/ 17 February 2024

Nobel peace laureate: ‘More money in lies than in truth’

Nobel Laureate Maria Ressa Departs To Receive Prize
Reputational damage: The Filipina journalist Maria Ressa was the victim of deepfake technology that made it appear as if she were peddling an automated cryptocurrency trading programme. Photo: Ezra Acayan/Getty Images

Maria Ressa is watching a video of herself being interviewed on the Stephen Colbert Show. On the screen, Ressa says: “Right now my number one source of income is a new automated crypto trading programme. It’s the biggest opportunity I see in my entire life to make a big fortune quickly.”

In person, in a boardroom in a Johannesburg hotel, Ressa — the fearless Filipina journalist and 2021 Nobel peace prize winner — pauses the playback. “They did a good job, no? It sounds like me!”

It is true that Ressa has appeared on the Stephen Colbert Show. But she is not selling any kind of cryptocurrency — and never uttered the words in the clip. This was a deepfake, where her words and images were manipulated by an artificial intelligence (AI) program. The doctored video suddenly appeared on Facebook last year, and linked to legitimate-looking websites that mimicked CNN and Rappler, the media house that Ressa co-founded.

Rappler is still investigating who created the deepfake, and why. But it almost doesn’t matter. In the big picture, “Maria Ressa the Crypto Bro” is just one minor symptom of a much more dangerous problem. “The battle is for facts,” she says. 

Thanks to the ubiquity of social media, now supercharged with the advent of generative AI — used primarily “to create disinformation at industrial scale” — we are no longer living in the same shared reality. 

“What happens when you have an information ecosystem where you can have your own reality? A house like that, in the past, where people all have their own versions of reality — it’s called an insane asylum.”

Ressa has been a journalist for 38 years. In that time, she has encountered almost every threat imaginable: financial, legal and physical. Her reporting into the alleged death squad run by former Philippines president, Rodrigo Duterte, infuriated the country’s most powerful person, and made her the target of vicious online hate campaigns and a litany of trumped-up legal charges (she is still fighting several of these).

Ressa says the threat facing journalism now is of a different order of magnitude than any she has previously confronted. This threat, she says, is bigger than any single story, or individual; and it is too big for any media house to tackle on their own. 

Just look at the Philippines, where a sophisticated information operation whitewashed the legacy of former president Ferdinand Marcos, paving the way for his son to take power in 2022. “It changed Marcos from a guy who stole $10  billion to the guy who is the greatest leader the Philippines has ever had. And this is what Filipinos voted for. It literally changed history before our very eyes,” said Ressa.

She lays the blame for the “corruption of our information ecosystem” squarely at the door of the big tech companies, and their algorithms that determine what information we see online. They have the power to determine the quality of this information — and have consistently chosen not to implement effective guardrails against fake news and disinformation.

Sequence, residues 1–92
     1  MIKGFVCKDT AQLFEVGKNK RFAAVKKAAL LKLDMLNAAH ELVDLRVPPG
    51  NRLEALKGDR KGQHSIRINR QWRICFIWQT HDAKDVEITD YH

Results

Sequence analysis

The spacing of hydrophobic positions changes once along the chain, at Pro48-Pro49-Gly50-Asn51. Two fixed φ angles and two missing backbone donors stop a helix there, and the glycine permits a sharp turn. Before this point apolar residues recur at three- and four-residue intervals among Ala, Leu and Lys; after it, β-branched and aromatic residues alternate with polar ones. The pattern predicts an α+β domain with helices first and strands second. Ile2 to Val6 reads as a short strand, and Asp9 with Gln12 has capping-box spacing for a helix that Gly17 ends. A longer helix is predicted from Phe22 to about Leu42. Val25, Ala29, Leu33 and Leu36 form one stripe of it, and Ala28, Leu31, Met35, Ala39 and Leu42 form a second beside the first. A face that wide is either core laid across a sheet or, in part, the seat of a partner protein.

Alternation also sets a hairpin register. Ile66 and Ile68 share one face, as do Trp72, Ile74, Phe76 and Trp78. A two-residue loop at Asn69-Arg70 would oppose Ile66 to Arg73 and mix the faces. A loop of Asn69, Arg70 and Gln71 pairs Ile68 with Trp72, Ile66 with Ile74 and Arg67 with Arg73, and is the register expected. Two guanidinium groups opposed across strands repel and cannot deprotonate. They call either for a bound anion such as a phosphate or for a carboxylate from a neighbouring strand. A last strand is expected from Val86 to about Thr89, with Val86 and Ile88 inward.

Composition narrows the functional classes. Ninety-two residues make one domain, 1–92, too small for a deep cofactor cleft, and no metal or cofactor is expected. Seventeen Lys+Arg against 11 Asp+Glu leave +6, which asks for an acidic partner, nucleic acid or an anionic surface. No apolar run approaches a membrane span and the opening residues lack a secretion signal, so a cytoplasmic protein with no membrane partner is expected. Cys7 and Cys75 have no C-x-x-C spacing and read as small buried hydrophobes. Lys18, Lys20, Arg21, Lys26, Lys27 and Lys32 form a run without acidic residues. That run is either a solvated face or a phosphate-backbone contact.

“Once big tech became the gatekeepers [of information], they completely abdicated responsibility for protecting the public sphere,” says Ressa. That’s because there is more traction — and therefore more money — in lies. “In 2018, the Massachusetts Institute of Technology said lies spread six times faster [than truth] … If you lace the lies with fear, anger and hate, they spread even further.”

Ressa is worried that is already having a devastating effect on our political systems. “The world is on fire in a way my generation has never seen, in a way your generation has never seen, in a way that is untenable for rule-of-law driven democracies.”

 She refers to last year’s report by the V-Dem Institute, which found that 72% of the world now lives under authoritarian regimes. That figure is up from 60% the year before, and may well be higher after this year’s flurry of elections around the world.

But she is even more worried about the effect that the mainstreaming of lies and disinformation will have on the human race itself.

“Our evolution as a species is connected to this. When you are pumping us full of toxic hate, when you are pumping us full of the worst of humanity, which is what these social media companies are doing, you’re changing us. This world, the world that makes a lot of money for big tech, precludes the goodness of human nature. And that is not who we are. I’m very angry.”

Ressa is using this anger, along with the considerable clout that comes with winning a Nobel prize, to do something about it. She’s on the Real Facebook Oversight Board, which is a group of prominent activists, academics and journalists trying to get Meta to make better decisions; she is producing a documentary series with Al Jazeera on AI in the Global South; and, with Rappler, she’s experimenting with how these new technologies can be used ethically and responsibly to promote civic discourse, rather than destroy it. 

Her visit to South Africa is in her capacity as chair of the steering committee of the World Movement for Democracy, a global civil society network. (Disclaimer: the National Endowment for Democracy, which acts as the secretariat for the World Movement, is also a funder of The Continent). 

This network is holding its global assembly in South Africa in November. Figuring out a unified approach to the dangers — and the opportunities — posed by big tech will be high on the agenda.

“There’s also a great opportunity right now. This is creative destruction. The destruction is already happening. So what are we going to create?”

This story was co-published with The Continent